Il Mulino New York has immigrated to Thomas Circle and brought its own language. According to its Web site, “[t]he word ‘No’ does not exist” at the Greenwich Villagenborn chain. In fact, the restaurant’s business model rests so much on service and hospitality that the owners—Abruzzo-born brothers Gino and Fernando Masci, who opened their flagship restaurant in 1981—make sure that all staff training at satellite locations meets their standards of deferentiality and generosity.
The free samples start before you’re even approached by one of the tuxedoed servers who mill through the dining room. Plates of antipasti—most recently air-cured salami and sautéed zucchini—sit on empty tables as part of the place settings. After your “captain” rattles off a long list of recommended dishes, deputy servers arrive with several types of bread. Later, another server will waddle from table to table, hefting a huge wheel of parmigiano reggiano and carving out racquetball-sized portions. Still later, that same guy might make the rounds with a huge block of strawberry-studded ice, ladling complimentary post-meal samples of a flavored grappa from a jar frozen within. The room’s cookie-cutter dark-wood, Old World vibe has plenty of good intentions but is missing the relaxed feel that goes with the real thing; it’s hard not to be keenly aware that you’re part of an “experience.”
In the last five years, the Il Mulino New York experience has expanded to Tokyo, Long Island, Las Vegas, Chicago, Miami, and San Juan, Puerto Rico, with more cities to come. That’s a lot of gratis cured meat, the cost of which is undoubtedly offset by the high-priced menu. Starters range from $9 to about $25, and a rack of lamb runs $65. A more reasonably priced meal can be had if you stick to the basics—a salad and a simple pasta will set you back about 40 bucks—but if you want a piece of meat or fish, it’ll cost you a chunk of change.
The chunk of flesh you’ll get in return is likely to be just as hefty. That lamb amounts to eight chops, and the $48 osso buco is large enough for two. The veal shank is tender, caramelized, and served with a marrow fork and a heap of saffron risotto. The rich, deeply yellow rice comes with many of Il Mulino’s dozens of entrees and daily specials; it has a wonderfully creamy texture—and yet it’s oversalted. It’s not the only disappointment: The veal saltimbocca is soggy. House-made pappardelle is too chewy, and the sweet sausage that tops it is rolled into tough balls.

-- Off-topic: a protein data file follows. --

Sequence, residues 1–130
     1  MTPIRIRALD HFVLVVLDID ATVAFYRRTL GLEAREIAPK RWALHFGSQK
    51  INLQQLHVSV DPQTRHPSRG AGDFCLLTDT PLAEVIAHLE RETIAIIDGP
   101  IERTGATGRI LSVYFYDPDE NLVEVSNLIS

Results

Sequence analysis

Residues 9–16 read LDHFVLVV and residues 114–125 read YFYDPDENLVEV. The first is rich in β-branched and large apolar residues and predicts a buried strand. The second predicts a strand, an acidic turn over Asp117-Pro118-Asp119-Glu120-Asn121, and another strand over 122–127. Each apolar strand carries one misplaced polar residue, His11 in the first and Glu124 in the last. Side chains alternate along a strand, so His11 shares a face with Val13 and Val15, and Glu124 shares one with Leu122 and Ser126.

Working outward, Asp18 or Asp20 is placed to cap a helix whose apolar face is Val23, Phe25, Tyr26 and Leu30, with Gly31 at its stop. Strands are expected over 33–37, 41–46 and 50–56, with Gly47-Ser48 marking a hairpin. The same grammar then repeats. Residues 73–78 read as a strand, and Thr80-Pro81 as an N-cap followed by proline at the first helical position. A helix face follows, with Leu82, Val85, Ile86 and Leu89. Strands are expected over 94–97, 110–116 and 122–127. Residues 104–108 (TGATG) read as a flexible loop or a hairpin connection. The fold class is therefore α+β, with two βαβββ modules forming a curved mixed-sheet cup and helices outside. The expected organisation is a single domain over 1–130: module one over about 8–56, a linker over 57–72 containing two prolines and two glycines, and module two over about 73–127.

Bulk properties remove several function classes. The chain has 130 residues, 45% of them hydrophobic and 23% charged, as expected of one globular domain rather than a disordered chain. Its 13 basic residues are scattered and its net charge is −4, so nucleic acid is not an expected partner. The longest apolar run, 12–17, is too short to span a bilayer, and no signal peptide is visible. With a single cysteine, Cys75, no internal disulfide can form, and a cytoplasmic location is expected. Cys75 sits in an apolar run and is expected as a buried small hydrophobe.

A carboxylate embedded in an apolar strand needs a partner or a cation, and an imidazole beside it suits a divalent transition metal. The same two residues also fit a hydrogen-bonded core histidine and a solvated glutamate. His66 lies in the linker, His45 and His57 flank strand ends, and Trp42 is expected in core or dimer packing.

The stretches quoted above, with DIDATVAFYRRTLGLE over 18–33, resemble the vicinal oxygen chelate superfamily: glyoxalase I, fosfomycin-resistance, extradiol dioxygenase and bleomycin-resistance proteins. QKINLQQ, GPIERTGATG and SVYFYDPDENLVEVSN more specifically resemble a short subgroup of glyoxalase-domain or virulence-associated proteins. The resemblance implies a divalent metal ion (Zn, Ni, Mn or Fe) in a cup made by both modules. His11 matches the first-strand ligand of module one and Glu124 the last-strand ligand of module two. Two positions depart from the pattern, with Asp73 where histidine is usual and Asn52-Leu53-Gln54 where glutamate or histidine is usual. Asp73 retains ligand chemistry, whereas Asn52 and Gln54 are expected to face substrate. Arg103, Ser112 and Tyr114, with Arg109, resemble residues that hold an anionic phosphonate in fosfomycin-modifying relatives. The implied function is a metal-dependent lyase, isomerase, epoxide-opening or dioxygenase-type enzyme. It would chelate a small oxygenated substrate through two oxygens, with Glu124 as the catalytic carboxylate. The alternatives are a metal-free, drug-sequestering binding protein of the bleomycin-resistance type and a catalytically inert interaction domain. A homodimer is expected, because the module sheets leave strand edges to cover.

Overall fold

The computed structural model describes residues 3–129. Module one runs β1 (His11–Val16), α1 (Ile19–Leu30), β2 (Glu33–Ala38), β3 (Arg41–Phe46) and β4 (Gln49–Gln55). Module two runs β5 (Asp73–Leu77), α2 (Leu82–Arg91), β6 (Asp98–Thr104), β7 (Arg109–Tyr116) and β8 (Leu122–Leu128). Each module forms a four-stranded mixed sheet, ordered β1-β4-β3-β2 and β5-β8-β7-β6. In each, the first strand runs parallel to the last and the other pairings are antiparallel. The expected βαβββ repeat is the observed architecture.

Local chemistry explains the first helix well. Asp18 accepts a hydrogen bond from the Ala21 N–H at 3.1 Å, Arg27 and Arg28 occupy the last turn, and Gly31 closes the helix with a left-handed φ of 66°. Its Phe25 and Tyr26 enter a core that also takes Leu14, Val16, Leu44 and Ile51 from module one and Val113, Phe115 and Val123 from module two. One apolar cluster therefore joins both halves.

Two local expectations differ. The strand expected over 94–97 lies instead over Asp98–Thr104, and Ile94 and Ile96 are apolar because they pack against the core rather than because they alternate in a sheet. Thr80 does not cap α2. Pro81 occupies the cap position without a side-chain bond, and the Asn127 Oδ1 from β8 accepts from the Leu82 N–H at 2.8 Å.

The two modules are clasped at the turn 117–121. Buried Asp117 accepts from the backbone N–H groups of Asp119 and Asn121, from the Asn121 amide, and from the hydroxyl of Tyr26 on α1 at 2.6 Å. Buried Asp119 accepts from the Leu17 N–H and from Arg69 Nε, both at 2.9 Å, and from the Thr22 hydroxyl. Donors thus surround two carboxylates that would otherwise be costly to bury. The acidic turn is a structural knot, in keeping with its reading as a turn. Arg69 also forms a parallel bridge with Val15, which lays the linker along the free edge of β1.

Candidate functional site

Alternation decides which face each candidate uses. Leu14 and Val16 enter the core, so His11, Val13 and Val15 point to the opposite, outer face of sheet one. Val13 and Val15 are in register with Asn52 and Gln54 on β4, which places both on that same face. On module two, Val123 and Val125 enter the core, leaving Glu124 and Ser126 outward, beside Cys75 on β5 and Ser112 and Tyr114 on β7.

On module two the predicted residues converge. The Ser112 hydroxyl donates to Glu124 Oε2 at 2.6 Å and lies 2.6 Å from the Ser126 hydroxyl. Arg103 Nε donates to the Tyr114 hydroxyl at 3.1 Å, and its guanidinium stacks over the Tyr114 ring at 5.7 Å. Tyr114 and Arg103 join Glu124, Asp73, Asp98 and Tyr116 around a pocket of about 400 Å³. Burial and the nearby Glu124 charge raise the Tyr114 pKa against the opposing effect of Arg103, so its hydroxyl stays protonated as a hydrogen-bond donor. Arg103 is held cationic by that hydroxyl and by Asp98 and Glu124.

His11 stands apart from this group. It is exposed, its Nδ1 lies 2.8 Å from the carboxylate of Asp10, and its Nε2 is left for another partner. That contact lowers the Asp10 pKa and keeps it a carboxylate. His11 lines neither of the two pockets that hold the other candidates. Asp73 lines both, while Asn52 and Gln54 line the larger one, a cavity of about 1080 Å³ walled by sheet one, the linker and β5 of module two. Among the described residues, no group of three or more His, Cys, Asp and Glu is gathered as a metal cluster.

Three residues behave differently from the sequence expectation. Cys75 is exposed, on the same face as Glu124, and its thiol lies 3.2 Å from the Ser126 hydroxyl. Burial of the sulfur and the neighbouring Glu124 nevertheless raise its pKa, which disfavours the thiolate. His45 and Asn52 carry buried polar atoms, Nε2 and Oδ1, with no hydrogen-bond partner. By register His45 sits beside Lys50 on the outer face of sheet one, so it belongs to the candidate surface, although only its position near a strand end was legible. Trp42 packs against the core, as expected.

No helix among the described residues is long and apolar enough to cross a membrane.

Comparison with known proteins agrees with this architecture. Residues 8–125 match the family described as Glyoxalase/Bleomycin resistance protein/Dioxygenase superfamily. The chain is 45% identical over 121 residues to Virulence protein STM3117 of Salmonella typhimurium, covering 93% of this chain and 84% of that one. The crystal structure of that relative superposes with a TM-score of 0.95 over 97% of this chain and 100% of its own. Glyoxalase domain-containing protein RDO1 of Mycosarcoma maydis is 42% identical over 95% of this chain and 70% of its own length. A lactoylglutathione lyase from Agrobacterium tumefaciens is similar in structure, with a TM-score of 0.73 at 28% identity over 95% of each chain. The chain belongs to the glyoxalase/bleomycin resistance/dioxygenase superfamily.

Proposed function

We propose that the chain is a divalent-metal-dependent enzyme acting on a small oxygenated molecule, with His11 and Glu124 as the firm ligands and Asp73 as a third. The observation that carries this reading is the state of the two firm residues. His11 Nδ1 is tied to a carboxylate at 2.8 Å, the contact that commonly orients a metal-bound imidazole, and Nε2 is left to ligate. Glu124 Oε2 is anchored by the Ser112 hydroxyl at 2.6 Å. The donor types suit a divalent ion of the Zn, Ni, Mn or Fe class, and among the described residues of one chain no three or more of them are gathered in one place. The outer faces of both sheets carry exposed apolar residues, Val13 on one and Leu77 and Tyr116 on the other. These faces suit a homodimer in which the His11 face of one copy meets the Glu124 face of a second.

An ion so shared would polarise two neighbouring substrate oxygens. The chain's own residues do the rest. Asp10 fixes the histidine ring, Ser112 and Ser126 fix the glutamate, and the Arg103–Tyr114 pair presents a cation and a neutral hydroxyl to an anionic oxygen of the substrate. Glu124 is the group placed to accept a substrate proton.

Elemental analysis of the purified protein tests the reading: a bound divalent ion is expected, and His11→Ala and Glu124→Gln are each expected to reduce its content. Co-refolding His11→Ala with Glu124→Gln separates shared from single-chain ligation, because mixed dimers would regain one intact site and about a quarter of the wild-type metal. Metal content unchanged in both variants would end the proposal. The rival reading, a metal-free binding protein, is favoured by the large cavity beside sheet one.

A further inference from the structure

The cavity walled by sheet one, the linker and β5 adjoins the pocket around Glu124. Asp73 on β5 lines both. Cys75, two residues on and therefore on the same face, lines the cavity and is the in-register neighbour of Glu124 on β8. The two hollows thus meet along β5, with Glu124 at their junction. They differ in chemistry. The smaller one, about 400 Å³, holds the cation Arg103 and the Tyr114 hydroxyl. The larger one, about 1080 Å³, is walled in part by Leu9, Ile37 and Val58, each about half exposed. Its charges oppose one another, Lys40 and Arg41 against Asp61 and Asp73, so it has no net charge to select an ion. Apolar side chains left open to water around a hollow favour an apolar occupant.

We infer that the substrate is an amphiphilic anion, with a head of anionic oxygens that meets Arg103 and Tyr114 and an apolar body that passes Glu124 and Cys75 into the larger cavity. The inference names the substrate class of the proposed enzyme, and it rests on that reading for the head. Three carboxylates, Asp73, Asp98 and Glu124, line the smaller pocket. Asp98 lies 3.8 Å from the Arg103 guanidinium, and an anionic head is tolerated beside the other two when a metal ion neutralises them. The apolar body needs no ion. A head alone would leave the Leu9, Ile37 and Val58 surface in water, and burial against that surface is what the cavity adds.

Some of the responsibility for the food has to be shared with the servers, who do a lot of what restaurant spokesperson Danielle Piacente calls “tableside cooking” but which looks more like seasoning, heating, and plating at free-standing wedding-buffet-style burners. Garnishes and antipasti are pulled from a huge display at the center of the dining room that also serves as a rustic showcase for Il Mulino’s line of pasta sauces. And what you buy in the jar is exactly what you’ll get on your plate: The sauces are the same recipe that’s cranked out by a team of line cooks each night.
“[Il Mulino] is not a chef-driven restaurant,” says Piacente. The corporate executive chef travels down from New York and “passes along the duties to the D.C. staff.”
Those duties aren’t limited to the kitchen and dining room burners. There is the ongoing floor show in a diner’s peripheral vision. The almost oppressive offerings still made for an easy sell during an inaugural visit, when a server cruised by with a bushel of huge, shell-on langoustines, the restaurant’s signature seafood. No, they weren’t free, but they were available as a starter or as an entree.
The appetizer portion was a letdown. Four tender but scrawny tails, in some sort of gooey coating, curled tinily against their piles of spinach. You can order them with the shells on, but our waiter, after noting this, forgot to ask which we preferred. If you can’t withstand the lure of the bushel, go with the shells on, if only to remind you of that bountiful pitch prop.
An order of tiramisu arrived one evening like a kid playing dress-up, sporting chocolate syrup, a hazelnut rolled-wafer cookie, whipped cream, and zabaglione. A server could be seen standing at the center console, wielding a squirt bottle and flinging berries onto the plate with whip-cracking aplomb. The presentation was mildly entertaining but obliterated any hint of mascarpone or espresso.
Still, who could dislike a dessert that didn’t show up on the tab? With all of the complimentary food, the tiramisu’s absence from the bill during a recent visit seemed an unlikely oversight. Surely pointing out the omission would earn a diner amnesty either way? Nope, it was a mistake, and the server refigured our check. Perhaps, in Il Mulino New York’s pageant of graciousness, there is no room for improvisation.
Il Mulino, 1110 Vermont Ave. NW., 202-293-1001
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